D.N.: Possibly because I try to deal with matters that are timeless and that do not belong to a special geographical spot. I’m not campaigning for any political view, as a matter of fact, I always see humanity as a psycho-physical congregation lost in the middle of the universe, subject to its own self-destructiveness and saved throughout the centuries by the miracle of life. Although the language radically changed generations after generations, the messages conveyed in these fabulous authors’ work remain coherent and relevant as far as nowadays society is concerned. For this reason, they’re as enriching as any Holy Bible.


I: Do you think your books will survive the ages, as theirs?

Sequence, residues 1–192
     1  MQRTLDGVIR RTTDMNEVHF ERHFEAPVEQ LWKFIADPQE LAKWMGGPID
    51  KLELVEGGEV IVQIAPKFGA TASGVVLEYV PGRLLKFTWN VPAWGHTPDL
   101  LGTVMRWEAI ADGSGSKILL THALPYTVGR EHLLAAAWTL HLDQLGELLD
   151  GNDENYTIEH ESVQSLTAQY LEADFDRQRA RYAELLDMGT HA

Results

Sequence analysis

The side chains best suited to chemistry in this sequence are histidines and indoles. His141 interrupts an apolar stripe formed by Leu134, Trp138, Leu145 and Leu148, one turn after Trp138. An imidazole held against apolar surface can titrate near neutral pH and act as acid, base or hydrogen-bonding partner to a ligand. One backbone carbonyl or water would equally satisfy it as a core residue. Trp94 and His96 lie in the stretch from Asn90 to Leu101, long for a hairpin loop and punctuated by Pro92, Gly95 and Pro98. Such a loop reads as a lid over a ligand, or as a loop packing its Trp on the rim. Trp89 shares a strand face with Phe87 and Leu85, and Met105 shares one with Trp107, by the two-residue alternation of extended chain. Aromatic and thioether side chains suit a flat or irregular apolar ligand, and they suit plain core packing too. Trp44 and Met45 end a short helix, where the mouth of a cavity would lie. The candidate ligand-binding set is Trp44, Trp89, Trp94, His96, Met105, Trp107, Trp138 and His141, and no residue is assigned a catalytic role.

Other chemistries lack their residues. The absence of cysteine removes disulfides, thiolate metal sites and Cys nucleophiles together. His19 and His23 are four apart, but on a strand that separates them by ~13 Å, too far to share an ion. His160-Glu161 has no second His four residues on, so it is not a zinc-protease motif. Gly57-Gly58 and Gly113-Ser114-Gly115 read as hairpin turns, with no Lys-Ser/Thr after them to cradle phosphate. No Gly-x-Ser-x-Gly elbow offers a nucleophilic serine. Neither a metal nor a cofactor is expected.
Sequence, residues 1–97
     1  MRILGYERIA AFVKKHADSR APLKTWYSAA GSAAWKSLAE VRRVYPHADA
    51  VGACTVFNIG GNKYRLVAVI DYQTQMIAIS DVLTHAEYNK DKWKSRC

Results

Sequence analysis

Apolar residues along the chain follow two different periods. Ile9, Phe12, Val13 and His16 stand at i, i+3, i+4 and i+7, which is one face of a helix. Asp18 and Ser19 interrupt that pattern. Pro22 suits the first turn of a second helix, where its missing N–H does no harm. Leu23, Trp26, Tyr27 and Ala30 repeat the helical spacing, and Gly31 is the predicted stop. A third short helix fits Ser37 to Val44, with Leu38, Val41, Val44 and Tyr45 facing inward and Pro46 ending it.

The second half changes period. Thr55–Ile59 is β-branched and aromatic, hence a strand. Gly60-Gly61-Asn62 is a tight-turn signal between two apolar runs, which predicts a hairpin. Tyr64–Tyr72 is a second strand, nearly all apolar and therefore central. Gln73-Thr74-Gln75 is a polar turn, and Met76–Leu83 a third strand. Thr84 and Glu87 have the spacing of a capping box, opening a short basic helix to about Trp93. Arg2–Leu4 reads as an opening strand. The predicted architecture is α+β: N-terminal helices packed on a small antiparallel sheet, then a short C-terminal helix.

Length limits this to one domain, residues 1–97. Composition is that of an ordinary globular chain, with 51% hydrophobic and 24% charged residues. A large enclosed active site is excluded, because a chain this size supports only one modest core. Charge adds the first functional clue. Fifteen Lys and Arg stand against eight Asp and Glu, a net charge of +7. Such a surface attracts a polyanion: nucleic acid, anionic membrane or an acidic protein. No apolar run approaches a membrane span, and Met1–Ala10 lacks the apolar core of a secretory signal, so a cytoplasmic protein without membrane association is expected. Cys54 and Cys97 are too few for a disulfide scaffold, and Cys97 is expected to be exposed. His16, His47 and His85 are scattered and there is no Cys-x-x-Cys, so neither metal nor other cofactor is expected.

D.N.: I actually don’t think so, because the themes I tackle were already developed in their works. But my purpose is somehow different. My basic concern is to describe nowadays society, with its tendency to reach the extremes, to go beyond the limits, not only technologically speaking, but also at the level of intra- and inter-national social relations: it’s a world of powerism, of massification, of overness, sorry to use new words in a language that isn’t my mother tongue, but I think they have a unique meaning. Authors who were born centuries ago, couldn’t describe this very world of ours today. So, no matter how timeless their stories are, the context, the setting in which the themes reappear are so different that it deserves an up-to-date approach. It’s a linguistic, technical, technological, ethnological retelling, not a brand new set of themes. This is why, I think that if my books happen to survive a few centuries, it will only be possible because people will be curious to (re)discover a special state of mind related to these very years we’re living now. The same way you can watch again and again Apocalypse Now, not because the story is new (Joseph Conrad’s novel was written a bunch of decades before, so no new stuff), but because you rediscover all the social, cultural, political, ethical, artistic patterns that belonged to the years during which the movie was made. Shakespeare or any other genius of his era could not have written what I am writing today, simply because I am dealing with the 21st century, and it is no science-fiction either. It is all about love and hate, good and evil, power and powerlessness, but in another era.